This controversial trend matters because a lot of churches being planted in the city are planted in gentrified neighborhoods. You rarely hear about an exciting, booming church plant in a low income, high crime neighborhood. Upper middle class white people migrate back to the city and, lo and behold, suddenly the church has a burden for the city. Don’t get me wrong, gentrifying neighborhoods with hipsters need the gospel too. But isn’t it a little embarrassing for the evangelical church in America that we’re not burdened for a neighborhood until it gentrifies? It’s like a guy asking a girl out on a date right after she loses 75 pounds.  I mean go ahead and do it bro, but you better have an explanation for why haven’t done it earlier, right? Why can’t we plant a church in a neighborhood before the politicians, developers and baristas get there? It’s great that we’re planting churches in the city, but it’s sad if we only do it once the upper middle class have displaced most of the poor.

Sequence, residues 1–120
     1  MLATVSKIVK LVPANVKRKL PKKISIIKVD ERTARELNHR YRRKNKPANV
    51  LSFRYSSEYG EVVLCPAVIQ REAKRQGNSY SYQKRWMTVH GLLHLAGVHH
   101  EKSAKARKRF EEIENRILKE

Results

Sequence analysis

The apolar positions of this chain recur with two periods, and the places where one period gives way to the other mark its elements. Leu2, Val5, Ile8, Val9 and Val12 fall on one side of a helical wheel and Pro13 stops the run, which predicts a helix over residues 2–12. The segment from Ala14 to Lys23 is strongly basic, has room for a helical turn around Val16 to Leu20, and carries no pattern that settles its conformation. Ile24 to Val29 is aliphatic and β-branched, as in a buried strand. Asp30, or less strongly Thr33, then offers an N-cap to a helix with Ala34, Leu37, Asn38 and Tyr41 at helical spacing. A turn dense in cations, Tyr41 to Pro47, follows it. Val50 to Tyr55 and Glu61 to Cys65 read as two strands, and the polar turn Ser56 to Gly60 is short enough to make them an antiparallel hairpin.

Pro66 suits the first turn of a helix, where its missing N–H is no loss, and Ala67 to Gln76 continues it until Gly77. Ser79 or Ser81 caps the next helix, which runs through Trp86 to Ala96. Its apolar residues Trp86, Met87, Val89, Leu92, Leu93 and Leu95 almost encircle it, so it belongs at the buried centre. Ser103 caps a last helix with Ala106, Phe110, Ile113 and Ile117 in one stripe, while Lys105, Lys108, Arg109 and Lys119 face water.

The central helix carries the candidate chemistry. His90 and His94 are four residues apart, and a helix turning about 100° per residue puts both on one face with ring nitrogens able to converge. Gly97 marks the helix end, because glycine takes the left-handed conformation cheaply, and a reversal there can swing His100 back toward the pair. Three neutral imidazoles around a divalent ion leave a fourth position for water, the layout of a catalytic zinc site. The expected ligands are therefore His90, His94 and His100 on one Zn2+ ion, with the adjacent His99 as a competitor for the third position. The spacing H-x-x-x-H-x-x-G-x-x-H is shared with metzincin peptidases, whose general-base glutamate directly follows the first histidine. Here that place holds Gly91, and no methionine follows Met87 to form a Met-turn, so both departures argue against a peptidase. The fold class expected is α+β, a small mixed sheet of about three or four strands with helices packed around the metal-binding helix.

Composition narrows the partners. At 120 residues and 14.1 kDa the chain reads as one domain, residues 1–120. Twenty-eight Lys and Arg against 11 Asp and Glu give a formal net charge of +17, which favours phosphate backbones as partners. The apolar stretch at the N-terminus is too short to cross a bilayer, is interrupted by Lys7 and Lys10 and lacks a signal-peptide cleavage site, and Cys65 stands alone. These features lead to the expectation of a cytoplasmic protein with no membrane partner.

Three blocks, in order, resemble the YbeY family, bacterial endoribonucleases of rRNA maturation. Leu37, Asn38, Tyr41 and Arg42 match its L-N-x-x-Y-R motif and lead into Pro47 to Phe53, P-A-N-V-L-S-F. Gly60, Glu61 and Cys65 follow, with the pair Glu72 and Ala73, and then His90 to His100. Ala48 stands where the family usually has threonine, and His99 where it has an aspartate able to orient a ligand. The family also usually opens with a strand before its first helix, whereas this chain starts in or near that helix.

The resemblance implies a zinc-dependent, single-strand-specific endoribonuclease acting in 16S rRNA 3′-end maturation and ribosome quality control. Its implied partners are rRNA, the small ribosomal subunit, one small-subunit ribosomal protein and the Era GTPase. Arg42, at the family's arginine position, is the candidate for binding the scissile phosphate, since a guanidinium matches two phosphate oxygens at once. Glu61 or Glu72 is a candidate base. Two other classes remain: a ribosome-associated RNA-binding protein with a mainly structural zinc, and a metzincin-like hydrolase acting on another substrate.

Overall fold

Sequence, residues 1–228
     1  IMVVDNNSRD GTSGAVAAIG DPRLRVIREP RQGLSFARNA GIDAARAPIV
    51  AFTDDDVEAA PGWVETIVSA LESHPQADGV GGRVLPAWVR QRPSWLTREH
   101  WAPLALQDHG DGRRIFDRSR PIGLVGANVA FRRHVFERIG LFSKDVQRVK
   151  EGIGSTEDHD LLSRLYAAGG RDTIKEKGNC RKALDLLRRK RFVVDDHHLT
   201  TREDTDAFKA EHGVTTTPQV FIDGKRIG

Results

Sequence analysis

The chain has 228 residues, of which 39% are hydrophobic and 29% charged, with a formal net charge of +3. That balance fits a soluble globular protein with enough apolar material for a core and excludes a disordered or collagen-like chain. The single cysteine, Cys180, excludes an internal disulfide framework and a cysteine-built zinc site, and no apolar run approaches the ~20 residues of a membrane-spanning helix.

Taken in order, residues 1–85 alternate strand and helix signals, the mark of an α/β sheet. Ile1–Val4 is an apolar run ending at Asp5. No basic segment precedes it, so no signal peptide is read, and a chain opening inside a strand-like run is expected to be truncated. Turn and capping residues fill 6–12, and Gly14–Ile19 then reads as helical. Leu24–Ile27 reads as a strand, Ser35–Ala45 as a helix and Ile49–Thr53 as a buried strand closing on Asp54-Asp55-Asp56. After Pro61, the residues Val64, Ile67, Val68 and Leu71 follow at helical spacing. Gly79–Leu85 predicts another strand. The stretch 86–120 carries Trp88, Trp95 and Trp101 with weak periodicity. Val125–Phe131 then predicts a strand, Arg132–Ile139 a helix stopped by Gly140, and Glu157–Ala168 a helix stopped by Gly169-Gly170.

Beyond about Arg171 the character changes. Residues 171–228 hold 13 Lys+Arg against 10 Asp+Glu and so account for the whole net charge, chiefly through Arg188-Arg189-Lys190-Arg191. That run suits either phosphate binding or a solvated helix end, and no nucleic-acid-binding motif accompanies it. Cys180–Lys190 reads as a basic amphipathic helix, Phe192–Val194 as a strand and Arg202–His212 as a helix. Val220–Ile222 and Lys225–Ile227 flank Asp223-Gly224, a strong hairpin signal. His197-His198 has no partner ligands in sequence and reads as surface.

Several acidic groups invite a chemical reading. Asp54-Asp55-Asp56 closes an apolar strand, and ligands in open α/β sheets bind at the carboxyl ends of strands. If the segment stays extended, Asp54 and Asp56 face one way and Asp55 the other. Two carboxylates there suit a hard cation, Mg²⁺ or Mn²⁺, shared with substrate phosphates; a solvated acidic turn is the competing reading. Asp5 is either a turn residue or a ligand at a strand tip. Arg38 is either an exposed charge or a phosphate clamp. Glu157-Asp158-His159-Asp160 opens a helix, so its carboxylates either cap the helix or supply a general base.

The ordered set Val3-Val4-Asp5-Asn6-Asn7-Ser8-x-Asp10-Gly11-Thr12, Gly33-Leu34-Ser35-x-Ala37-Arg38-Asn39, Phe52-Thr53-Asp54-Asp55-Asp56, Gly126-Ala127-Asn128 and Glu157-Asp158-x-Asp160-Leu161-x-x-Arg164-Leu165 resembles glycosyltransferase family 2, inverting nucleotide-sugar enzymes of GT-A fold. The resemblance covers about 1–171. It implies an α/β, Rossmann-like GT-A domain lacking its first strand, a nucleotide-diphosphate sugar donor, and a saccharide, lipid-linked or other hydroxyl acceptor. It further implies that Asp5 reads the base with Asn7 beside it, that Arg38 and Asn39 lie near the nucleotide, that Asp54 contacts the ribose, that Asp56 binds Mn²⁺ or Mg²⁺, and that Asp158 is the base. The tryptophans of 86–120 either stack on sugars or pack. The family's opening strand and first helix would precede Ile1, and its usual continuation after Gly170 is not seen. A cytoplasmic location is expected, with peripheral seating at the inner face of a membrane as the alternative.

As easy as it is to pick on hipsters, I’m not anti-gentrification. I don’t think Christians should be throwing bricks through coffee shop windows, but I also think we can plant churches in neighborhoods without coffee shops. I’m just saying that we should all get tired of the American church running after the upper middle class like a 6th grade boy who’s in love with the prettiest girl in the 8th grade. We don’t have to blindly, adoringly follow someone around who doesn’t even care that we exist. A lot of good churches moved out when white flight hit the big cities in the last twenty to forty years. Now that gentrification is bringing some of the middle class back, churches are getting started in those same neighborhoods again.  One generation hates the city and sees the promised land of the American Dream in the green front lawns of the suburbs. The next generation thinks the suburbs are for phonies and old people. Sound theology and a love for people means that we put roots down that can withstand the shifting cultural winds. What would have happened if those same gospel preaching churches had stayed in those neighborhoods all along?